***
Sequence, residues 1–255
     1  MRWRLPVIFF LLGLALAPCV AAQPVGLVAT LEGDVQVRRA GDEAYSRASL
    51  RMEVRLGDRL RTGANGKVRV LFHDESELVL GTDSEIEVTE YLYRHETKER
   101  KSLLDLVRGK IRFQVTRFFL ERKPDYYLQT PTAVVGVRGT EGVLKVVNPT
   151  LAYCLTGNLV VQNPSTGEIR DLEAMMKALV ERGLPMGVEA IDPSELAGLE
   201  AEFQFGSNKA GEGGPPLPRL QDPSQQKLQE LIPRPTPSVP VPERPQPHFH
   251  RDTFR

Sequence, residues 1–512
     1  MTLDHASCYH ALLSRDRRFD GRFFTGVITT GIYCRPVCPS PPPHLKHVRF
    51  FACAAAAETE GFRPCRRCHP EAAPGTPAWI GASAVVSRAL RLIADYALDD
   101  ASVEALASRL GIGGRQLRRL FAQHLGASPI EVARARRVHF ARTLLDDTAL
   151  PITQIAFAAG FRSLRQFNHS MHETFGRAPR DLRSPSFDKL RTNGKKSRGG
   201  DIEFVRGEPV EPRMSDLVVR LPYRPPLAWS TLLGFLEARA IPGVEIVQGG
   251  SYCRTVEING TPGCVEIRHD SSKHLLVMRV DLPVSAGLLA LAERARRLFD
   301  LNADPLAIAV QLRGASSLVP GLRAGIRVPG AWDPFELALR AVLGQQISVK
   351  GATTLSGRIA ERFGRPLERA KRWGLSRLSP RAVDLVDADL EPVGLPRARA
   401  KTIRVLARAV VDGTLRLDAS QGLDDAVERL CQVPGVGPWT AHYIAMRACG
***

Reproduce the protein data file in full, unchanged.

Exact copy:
Sequence, residues 1–255
     1  MRWRLPVIFF LLGLALAPCV AAQPVGLVAT LEGDVQVRRA GDEAYSRASL
    51  RMEVRLGDRL RTGANGKVRV LFHDESELVL GTDSEIEVTE YLYRHETKER
   101  KSLLDLVRGK IRFQVTRFFL ERKPDYYLQT PTAVVGVRGT EGVLKVVNPT
   151  LAYCLTGNLV VQNPSTGEIR DLEAMMKALV ERGLPMGVEA IDPSELAGLE
   201  AEFQFGSNKA GEGGPPLPRL QDPSQQKLQE LIPRPTPSVP VPERPQPHFH
   251  RDTFR

Sequence, residues 1–512
     1  MTLDHASCYH ALLSRDRRFD GRFFTGVITT GIYCRPVCPS PPPHLKHVRF
    51  FACAAAAETE GFRPCRRCHP EAAPGTPAWI GASAVVSRAL RLIADYALDD
   101  ASVEALASRL GIGGRQLRRL FAQHLGASPI EVARARRVHF ARTLLDDTAL
   151  PITQIAFAAG FRSLRQFNHS MHETFGRAPR DLRSPSFDKL RTNGKKSRGG
   201  DIEFVRGEPV EPRMSDLVVR LPYRPPLAWS TLLGFLEARA IPGVEIVQGG
   251  SYCRTVEING TPGCVEIRHD SSKHLLVMRV DLPVSAGLLA LAERARRLFD
   301  LNADPLAIAV QLRGASSLVP GLRAGIRVPG AWDPFELALR AVLGQQISVK
   351  GATTLSGRIA ERFGRPLERA KRWGLSRLSP RAVDLVDADL EPVGLPRARA
   401  KTIRVLARAV VDGTLRLDAS QGLDDAVERL CQVPGVGPWT AHYIAMRACG